Interkingdom interactions shape the fungal microbiome of mosquitoes

Shivanand Hegde, Kamil Khanipov, Emily A. Hornett, Pornjarim Nilyanimit, Maria Pimenova, Miguel A. Saldaña, Charissa de Bekker, George Golovko, Grant Hughes

Research output: Contribution to journalArticlepeer-review


Background: The mosquito microbiome is an important modulator of vector competence and vectoral capacity. Unlike the extensively studied bacterial microbiome, fungal communities in the mosquito microbiome (the mycobiome) remain largely unexplored. To work towards getting an improved understanding of the fungi associated with mosquitoes, we sequenced the mycobiome of three field-collected and laboratory-reared mosquito species (Aedes albopictus, Aedes aegypti, and Culex quinquefasciatus). Results: Our analysis showed both environment and host species were contributing to the diversity of the fungal microbiome of mosquitoes. When comparing species, Ae. albopictus possessed a higher number of diverse fungal taxa than Cx. quinquefasciatus, while strikingly less than 1% of reads from Ae. aegypti samples were fungal. Fungal reads from Ae. aegypti were < 1% even after inhibiting host amplification using a PNA blocker, indicating that this species lacked a significant fungal microbiome that was amplified using this sequencing approach. Using a mono-association mosquito infection model, we confirmed that mosquito-derived fungal isolates colonize Aedes mosquitoes and support growth and development at comparable rates to their bacterial counterparts. Strikingly, native bacterial taxa isolated from mosquitoes impeded the colonization of symbiotic fungi in Ae. aegypti suggesting interkingdom interactions shape fungal microbiome communities. Conclusion: Collectively, this study adds to our understanding of the fungal microbiome of different mosquito species, that these fungal microbes support growth and development, and highlights that microbial interactions underpin fungal colonization of these medically relevent species.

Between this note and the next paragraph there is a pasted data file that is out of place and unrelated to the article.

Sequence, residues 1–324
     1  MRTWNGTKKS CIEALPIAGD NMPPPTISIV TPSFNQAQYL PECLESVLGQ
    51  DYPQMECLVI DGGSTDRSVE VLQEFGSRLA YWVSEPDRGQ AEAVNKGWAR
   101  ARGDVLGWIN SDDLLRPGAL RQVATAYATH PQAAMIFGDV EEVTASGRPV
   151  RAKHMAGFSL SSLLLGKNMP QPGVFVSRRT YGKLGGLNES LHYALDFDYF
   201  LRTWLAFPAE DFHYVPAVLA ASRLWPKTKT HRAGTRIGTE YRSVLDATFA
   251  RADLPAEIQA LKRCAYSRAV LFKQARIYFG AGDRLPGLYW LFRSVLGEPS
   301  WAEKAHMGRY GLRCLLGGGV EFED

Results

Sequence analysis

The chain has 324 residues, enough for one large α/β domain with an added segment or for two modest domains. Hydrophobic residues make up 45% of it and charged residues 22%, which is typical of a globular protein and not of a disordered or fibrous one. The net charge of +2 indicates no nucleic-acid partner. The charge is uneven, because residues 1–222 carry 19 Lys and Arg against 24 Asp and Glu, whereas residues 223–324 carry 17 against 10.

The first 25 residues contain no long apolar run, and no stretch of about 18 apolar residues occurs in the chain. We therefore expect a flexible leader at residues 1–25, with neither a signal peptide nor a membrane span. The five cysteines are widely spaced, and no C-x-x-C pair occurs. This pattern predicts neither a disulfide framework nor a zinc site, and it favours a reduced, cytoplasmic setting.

Original languageEnglish (US)
Article number11
JournalAnimal Microbiome
Issue number1
StatePublished - Dec 2024
Externally publishedYes


  • Axenic mosquitoes
  • Candida
  • Environmental factors
  • Fungi-bacteria interactions
  • Gut fungi
  • Inter-kingdom interactions
  • Microbiome manipulations
  • Mycobiome
  • Sachharomyces
  • Sterile rearing

ASJC Scopus subject areas

  • veterinary (miscalleneous)
  • Agricultural and Biological Sciences (miscellaneous)
  • Animal Science and Zoology
  • Microbiology (medical)


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